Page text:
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IBM, DOE Accelerate Grid Computing Plan

IBM Corp. and the U.S. Department of Energy (DOE) Friday said they have accelerated a previous plan to build grid computing systems for scientific research. Specifically, the DOE's National Energy Research Scientific Computing Center (NERSC) and the Armonk, N.Y. firm have two IBM supercomputers and one storage repository ready this year -- before the original target year of 2004.

Ultimately, Big Blue and NERSC hope to see the venture blossom into a system capable of processing more than ten trillion calculations per second and up to and a tremendous amount of storing capability. Another academic endeavor, the idea is for the system to provide ultra-fast access to copious amounts of data stored at national labs around the country. The parties say the systems will help in sweeping research projects such as global warming, genomic and astrophysics.

Grids allow geographically disparate organizations to share applications, data and computing resources. In this case, the DOE Science Grid's goal is to enhance the ability of DOE scientists to accurately chart physical realms and geographies through simulations done with the help of the massive computing networks, or grid.

NERSC has been operating a 3,328-processor IBM supercomputer, currently the third most powerful computer on earth, according to the TOP500 List of Supercomputers. To bolster the IBM system, grid software will be integrated into NERSC's HPSS (High Performance Storage System) archival data storage system, which has a capacity of 1.3 petabytes and is managed using IBM servers.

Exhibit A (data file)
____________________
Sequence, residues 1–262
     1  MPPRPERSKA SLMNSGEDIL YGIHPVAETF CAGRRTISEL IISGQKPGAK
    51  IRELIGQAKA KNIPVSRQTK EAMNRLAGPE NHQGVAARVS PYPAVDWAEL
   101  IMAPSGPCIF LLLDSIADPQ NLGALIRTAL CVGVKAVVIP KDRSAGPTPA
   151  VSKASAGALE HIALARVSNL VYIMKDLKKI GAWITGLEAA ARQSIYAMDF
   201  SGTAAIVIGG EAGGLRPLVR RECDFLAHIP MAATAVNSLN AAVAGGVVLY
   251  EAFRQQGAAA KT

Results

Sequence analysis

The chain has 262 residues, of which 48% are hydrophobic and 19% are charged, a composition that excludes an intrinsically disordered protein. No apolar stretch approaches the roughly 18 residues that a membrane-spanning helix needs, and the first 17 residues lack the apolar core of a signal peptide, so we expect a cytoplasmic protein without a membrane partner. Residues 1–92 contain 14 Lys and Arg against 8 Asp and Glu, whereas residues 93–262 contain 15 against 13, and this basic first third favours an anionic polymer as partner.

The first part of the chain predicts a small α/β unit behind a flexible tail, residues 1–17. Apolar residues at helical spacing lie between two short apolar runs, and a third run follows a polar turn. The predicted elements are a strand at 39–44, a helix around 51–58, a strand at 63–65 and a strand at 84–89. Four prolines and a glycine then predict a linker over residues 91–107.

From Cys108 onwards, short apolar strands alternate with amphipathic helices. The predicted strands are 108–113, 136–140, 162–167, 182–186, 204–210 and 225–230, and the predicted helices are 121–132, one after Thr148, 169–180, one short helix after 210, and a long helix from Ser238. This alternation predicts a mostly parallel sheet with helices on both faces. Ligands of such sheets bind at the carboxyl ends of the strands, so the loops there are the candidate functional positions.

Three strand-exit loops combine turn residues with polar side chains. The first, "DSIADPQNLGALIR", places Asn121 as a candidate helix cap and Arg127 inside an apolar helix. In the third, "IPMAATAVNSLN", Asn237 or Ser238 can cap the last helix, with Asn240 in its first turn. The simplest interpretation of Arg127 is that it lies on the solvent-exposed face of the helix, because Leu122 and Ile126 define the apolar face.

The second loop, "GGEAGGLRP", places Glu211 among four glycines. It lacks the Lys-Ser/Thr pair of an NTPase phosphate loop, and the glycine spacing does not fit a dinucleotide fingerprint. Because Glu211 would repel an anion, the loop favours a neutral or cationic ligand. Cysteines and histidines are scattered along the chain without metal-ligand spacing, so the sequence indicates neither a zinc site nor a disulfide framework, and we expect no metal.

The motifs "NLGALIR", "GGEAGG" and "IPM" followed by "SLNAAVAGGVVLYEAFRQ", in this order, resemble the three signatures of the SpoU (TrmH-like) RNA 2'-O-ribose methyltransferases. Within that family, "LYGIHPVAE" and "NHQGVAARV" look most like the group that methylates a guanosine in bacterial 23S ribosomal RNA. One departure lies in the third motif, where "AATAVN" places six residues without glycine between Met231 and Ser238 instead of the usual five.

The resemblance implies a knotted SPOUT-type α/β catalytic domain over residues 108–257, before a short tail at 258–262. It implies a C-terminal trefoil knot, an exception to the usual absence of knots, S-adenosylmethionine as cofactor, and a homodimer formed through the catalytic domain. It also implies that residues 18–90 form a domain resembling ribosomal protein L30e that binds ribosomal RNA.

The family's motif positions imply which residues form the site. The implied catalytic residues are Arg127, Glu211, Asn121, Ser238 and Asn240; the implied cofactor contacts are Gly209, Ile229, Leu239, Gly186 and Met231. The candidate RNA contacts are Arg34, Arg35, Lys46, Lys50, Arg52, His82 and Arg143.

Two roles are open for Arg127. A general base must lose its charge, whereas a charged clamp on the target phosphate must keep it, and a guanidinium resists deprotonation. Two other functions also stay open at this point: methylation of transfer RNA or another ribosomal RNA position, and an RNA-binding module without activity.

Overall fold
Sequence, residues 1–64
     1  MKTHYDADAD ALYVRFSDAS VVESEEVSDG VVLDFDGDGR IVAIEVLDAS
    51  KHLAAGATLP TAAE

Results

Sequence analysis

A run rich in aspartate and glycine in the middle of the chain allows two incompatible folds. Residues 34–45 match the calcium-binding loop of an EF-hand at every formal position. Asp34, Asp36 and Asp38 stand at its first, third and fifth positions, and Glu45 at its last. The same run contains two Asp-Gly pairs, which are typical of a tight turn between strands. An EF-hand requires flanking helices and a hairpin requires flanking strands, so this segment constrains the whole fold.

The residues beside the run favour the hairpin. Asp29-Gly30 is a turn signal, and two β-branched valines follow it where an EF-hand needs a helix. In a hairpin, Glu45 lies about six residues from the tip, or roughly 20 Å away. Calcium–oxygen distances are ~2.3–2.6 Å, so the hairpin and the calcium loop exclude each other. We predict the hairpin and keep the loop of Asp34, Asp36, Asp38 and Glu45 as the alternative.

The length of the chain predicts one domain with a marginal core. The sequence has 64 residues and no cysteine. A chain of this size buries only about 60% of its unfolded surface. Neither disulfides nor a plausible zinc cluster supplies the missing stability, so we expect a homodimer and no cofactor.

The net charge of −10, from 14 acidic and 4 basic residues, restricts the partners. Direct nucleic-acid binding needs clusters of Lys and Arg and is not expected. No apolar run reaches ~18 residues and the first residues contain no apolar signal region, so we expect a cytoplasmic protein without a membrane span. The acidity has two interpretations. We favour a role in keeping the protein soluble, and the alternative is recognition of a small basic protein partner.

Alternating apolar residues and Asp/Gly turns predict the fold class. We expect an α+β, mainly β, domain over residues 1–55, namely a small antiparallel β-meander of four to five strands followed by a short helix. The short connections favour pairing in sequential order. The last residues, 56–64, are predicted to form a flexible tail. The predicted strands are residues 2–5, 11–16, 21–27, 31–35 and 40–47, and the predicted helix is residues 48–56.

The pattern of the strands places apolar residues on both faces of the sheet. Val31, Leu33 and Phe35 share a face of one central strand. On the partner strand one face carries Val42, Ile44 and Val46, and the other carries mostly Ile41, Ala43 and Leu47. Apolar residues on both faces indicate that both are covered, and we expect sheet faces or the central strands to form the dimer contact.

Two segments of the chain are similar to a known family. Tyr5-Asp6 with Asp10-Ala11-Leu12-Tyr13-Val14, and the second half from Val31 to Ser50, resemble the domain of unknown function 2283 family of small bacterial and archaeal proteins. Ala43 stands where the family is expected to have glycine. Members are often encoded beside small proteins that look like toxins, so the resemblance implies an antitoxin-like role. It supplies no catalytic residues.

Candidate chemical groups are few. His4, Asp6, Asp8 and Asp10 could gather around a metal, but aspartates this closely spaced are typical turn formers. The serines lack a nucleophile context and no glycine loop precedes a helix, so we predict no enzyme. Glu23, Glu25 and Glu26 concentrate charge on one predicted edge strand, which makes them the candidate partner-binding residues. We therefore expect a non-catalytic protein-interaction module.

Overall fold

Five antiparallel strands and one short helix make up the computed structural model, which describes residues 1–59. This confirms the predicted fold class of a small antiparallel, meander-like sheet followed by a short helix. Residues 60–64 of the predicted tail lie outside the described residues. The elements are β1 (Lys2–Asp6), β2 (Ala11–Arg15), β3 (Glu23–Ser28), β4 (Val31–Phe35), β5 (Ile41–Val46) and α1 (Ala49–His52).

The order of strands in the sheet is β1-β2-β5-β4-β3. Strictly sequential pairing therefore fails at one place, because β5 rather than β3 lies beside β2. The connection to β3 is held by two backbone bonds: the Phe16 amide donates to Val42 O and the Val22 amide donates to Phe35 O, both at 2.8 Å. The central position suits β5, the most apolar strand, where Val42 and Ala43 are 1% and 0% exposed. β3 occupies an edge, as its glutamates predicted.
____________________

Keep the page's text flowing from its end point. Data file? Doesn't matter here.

IBM and NERSC hope future grids housed at research labs in Lawrence, Berkeley, Argonne, Oak Ridge and the Pacific Northwest to be connected to the DOE Science Grid.

Horst Simon, director of the NERSC Division, compared the DOE Science Grid's capability to forge a uniform computing and data handling environment to the way the Web has been used to integrate online documents into scientists' research environments.

"The DOE Science Grid is a template for the kind of system that can enable partnerships between public institutions and private companies aimed at creating new products and technologies for business," said Val Rahmani, general manager, IBM eServer, pSeries. "This collaboration between IBM and NERSC is a big step forward in realizing Grid's promise of delivering computing resources as a utility-like service."

To be sure, IBM has of late paid more attention to the way grid computing may be used for business as opposed to scientific research. On Feb. 20, the tech giant announced its Open Grid Services Architecture plan to allow businesses to share applications and computing resources over the Internet. In conjunction with the academic group Globus, IBM wants to move grid computing beyond scientific and technical applications to real business applications.

The move was saluted by Gartner Group analyst Robert Batchelder, who covers market strategies for the research firm.

"With its Open Grid Services Architecture, IBM became the first vendor to take a comprehensive view and attempt to rationalize disparate, yet related, requirements into a coherent computing landscape. The company's move is insightful because the future networks share common problems," Batchelder wrote in a research note. "Grid computing pays substantial benefits for life science and financial service companies, and the breadth of applications that can use this architecture grows steadily. Enterprises can benefit from grid computing by deferring incremental hardware purchases or accelerating computer-bound processes. Gartner recommends that enterprises with sizeable desktop computing environments explore the potential of this promising distributed-computing technology."